The Sun Also Rises

by

Ernest Hemingway

Teachers and parents! Struggling with distance learning? Our Teacher Edition on The Sun Also Rises can help.

The Sun Also Rises: Imagery 2 key examples

Definition of Imagery
Imagery, in any sort of writing, refers to descriptive language that engages the human senses. For instance, the following lines from Robert Frost's poem "After Apple-Picking" contain imagery that engages... read full definition
Imagery, in any sort of writing, refers to descriptive language that engages the human senses. For instance, the following lines from Robert Frost's poem "After... read full definition
Imagery, in any sort of writing, refers to descriptive language that engages the human senses. For instance, the following lines... read full definition
Chapter 3
Explanation and Analysis—Sound and Light in Paris:

Hemingway expertly employs both visual and auditory imagery to establish the scene of Paris at night in Chapter 3:

It was a warm spring night and I sat at a table on the terrace of the Neapolitan after Robert had gone, watching it get dark and the electric signs come on, and the red and green stop-and-go traffic-signal, and the crowd going by, and the horse-cabs clippety-clopping along at the edge of the solid taxi traffic [...]

As Jake takes in his surroundings, his quiet loneliness becomes clear as his attention meanders around his surroundings. Hemingway establishes clear visual imagery of the falling night with the lighting of the electric signs and the alternating red and green lights of the traffic signal, while the use of the onomatopoeic phrase “clippety-clopping” provides clear auditory imagery of the horse-cabs passing him by. Jake is normally caught up in conversation, drinking, or some other form of debauchery, but Hemingway clearly marks the occasional moments of his isolation by shifting his narration from interpersonal observation and judgement to vivid descriptions of his surroundings, and the use of imagery in this passage ultimately helps readers fully immerse themselves in the Parisian environment at night.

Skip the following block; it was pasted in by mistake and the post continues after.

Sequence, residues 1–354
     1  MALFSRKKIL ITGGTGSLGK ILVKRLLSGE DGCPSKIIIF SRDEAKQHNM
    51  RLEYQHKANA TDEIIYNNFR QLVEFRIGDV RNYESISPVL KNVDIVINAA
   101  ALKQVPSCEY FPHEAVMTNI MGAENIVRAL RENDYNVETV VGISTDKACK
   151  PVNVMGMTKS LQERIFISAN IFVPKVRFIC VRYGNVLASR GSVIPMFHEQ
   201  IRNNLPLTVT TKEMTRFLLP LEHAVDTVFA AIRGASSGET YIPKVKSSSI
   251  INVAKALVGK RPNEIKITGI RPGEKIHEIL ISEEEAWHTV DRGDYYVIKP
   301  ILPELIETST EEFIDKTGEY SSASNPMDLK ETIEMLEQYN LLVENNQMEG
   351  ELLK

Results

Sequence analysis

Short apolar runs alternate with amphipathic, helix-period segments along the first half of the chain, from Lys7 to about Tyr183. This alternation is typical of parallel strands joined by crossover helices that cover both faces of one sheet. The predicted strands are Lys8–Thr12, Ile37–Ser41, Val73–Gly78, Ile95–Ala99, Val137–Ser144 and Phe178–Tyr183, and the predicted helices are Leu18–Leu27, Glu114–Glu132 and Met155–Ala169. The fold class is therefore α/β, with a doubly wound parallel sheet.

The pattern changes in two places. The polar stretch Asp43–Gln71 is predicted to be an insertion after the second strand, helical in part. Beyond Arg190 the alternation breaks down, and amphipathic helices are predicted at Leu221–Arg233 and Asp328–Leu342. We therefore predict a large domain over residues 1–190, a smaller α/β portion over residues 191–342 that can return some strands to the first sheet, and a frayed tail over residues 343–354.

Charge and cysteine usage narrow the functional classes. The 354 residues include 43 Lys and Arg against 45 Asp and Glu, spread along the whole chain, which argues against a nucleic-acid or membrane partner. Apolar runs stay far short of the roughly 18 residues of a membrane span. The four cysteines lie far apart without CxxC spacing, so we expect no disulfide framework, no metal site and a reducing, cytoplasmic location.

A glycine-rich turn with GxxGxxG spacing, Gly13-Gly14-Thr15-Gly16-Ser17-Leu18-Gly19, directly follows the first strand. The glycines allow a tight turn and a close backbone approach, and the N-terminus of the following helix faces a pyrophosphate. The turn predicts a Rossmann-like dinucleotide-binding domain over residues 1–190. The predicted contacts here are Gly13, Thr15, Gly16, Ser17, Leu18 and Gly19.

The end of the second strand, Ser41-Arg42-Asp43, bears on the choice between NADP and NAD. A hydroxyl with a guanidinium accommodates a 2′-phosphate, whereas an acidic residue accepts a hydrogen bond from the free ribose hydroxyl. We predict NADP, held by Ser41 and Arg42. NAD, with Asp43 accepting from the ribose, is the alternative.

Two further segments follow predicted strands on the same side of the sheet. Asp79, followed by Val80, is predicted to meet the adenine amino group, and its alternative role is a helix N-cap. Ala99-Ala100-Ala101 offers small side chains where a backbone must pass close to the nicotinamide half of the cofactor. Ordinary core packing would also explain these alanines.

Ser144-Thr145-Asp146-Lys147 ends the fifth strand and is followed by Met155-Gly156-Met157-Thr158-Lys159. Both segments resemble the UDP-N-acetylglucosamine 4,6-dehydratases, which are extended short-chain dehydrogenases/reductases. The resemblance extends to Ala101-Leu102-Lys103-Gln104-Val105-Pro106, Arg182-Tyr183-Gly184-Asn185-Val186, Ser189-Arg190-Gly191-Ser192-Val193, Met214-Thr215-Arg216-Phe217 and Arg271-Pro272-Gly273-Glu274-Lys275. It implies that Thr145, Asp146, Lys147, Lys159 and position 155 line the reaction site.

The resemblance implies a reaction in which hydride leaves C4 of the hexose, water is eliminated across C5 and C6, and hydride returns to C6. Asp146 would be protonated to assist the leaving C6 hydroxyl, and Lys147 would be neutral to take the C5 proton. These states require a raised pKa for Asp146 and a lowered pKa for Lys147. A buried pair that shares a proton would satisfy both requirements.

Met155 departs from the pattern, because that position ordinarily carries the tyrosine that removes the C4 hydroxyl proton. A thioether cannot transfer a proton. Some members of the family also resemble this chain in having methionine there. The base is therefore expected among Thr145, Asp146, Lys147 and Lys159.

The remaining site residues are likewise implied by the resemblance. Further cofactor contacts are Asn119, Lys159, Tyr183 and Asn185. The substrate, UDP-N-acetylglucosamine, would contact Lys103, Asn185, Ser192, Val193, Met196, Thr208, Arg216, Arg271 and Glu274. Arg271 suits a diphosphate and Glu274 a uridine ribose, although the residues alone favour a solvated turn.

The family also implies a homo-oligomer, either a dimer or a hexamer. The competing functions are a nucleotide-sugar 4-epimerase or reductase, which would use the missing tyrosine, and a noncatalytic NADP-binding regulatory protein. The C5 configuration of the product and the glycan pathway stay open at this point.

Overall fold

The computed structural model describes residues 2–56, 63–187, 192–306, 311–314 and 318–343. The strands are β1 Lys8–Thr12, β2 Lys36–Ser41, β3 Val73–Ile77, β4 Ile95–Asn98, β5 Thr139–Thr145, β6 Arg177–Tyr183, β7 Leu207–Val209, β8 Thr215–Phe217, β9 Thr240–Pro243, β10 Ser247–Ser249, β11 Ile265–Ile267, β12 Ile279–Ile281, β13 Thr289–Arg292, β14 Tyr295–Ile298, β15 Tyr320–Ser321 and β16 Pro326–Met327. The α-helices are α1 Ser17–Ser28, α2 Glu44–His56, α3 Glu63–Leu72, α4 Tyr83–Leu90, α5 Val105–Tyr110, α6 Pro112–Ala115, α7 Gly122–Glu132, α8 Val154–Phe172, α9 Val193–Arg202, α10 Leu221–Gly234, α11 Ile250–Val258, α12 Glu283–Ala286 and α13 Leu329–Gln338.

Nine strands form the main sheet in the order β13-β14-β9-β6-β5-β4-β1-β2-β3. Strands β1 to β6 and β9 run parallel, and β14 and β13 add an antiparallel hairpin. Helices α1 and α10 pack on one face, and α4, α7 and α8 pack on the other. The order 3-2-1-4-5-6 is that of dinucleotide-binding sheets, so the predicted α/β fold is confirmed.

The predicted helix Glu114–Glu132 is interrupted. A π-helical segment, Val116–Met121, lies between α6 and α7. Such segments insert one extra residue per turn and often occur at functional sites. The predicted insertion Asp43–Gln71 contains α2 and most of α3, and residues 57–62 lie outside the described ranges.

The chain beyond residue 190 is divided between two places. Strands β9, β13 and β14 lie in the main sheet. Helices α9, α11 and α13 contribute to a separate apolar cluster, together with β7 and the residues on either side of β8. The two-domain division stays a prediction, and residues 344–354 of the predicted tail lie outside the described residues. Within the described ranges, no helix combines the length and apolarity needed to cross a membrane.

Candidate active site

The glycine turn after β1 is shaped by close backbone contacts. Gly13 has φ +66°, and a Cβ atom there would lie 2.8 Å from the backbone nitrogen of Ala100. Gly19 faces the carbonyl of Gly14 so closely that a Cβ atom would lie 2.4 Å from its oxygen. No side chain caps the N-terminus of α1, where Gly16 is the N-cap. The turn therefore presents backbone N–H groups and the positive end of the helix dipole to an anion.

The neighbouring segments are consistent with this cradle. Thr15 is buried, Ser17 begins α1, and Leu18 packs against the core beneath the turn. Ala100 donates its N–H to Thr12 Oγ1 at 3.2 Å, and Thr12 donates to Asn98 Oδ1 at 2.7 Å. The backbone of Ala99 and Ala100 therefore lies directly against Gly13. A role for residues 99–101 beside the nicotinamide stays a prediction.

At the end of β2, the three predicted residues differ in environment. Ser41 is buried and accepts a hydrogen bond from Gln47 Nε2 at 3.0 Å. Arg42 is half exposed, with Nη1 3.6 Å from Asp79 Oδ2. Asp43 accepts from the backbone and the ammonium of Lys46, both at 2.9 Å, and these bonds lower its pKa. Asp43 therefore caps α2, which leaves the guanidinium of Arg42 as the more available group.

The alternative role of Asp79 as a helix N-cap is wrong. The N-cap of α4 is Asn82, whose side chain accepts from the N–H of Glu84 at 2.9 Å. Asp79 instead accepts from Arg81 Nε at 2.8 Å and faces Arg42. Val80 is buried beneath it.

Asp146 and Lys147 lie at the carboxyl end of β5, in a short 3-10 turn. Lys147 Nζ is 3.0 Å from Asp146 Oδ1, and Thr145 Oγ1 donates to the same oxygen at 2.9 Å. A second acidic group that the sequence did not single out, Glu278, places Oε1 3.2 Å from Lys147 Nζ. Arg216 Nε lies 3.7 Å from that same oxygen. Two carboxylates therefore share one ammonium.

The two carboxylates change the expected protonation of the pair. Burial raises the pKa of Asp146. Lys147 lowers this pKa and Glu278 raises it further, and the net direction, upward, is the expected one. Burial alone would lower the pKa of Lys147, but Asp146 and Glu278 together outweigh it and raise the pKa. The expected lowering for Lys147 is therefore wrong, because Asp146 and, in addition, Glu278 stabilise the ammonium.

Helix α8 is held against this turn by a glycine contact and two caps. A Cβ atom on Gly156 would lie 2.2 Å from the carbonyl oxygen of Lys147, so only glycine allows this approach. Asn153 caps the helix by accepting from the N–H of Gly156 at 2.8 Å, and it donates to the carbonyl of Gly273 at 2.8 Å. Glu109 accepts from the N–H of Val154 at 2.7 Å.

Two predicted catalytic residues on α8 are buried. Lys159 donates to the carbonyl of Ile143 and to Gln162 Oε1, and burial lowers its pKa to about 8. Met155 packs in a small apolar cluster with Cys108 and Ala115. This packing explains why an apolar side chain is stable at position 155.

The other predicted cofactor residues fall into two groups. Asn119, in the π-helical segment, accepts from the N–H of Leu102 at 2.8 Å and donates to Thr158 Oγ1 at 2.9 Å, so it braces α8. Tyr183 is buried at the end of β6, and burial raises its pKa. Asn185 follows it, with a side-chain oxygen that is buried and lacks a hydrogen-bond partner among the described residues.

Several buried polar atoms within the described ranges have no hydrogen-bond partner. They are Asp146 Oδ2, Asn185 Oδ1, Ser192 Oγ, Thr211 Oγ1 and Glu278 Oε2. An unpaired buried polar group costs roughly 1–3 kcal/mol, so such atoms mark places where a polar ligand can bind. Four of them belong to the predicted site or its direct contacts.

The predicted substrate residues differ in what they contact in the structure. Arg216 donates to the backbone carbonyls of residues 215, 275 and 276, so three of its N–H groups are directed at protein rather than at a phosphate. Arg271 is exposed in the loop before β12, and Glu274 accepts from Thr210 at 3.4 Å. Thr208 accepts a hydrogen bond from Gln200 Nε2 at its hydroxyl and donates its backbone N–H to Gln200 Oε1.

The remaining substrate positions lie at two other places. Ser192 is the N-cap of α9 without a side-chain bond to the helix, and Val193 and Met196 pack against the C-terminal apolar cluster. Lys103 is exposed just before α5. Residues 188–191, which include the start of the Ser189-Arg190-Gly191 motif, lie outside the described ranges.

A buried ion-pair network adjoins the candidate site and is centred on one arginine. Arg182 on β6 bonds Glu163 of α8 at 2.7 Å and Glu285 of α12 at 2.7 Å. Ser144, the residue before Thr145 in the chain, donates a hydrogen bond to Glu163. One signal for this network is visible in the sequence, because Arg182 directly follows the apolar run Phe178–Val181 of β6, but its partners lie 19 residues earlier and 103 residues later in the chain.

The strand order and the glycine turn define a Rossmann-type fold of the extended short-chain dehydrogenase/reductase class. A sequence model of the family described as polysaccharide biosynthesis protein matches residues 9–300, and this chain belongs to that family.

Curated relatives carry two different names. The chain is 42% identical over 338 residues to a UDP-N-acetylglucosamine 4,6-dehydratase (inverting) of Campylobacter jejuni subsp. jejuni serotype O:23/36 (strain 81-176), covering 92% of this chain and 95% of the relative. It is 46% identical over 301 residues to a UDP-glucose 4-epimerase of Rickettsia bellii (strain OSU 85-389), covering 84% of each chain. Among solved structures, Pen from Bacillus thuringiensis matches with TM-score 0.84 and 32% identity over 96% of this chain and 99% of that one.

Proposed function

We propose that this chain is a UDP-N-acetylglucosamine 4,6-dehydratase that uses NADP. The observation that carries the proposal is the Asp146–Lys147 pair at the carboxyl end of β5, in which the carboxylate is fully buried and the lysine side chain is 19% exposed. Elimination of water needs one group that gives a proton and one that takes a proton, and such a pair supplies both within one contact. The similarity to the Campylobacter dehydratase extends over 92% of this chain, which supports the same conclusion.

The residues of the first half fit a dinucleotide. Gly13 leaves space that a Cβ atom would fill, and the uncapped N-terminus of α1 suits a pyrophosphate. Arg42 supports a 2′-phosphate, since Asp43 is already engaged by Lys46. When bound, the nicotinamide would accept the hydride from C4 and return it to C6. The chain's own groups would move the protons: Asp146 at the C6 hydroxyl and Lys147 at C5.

Chapter 15
Explanation and Analysis—The Sounds of the Fiesta:

Hemingway wields imagery as a key literary device with which to construct his striking scenes of Jake’s expatriate life in France and Spain. Depicting the beginning of the festival in Pamplona in Chapter 15, Hemingway makes ample use of auditory imagery:

People were coming into the square from all sides, and down the street we heard the pipes and the fires and the drums coming. They were playing the riau-riau music, the pipes shrill and the drums pounding, and behind them came the men and boys dancing. When the fifers stopped they all crouched down in the street, and when the reed-pipes and the fifes shrilled, and the flat, dry, hollow drums tapped it out again, they all went up in the air dancing.

In this passage, the coming of the festival is marked by the rising cacophony of the music in the streets. Through repeating evocative sound-related words (like the “shrill” pipes and the “pounding” or “tapping” of the drums), Hemingway builds this scene to convey the cacophonous effect of standing in such a chaotic and lively environment, enabling readers to better imagine themselves in the same situation. In other words, the auditory imagery at play in this passage enables the text to match the intensity of Jake’s experience at the festival.

Unlock with LitCharts A+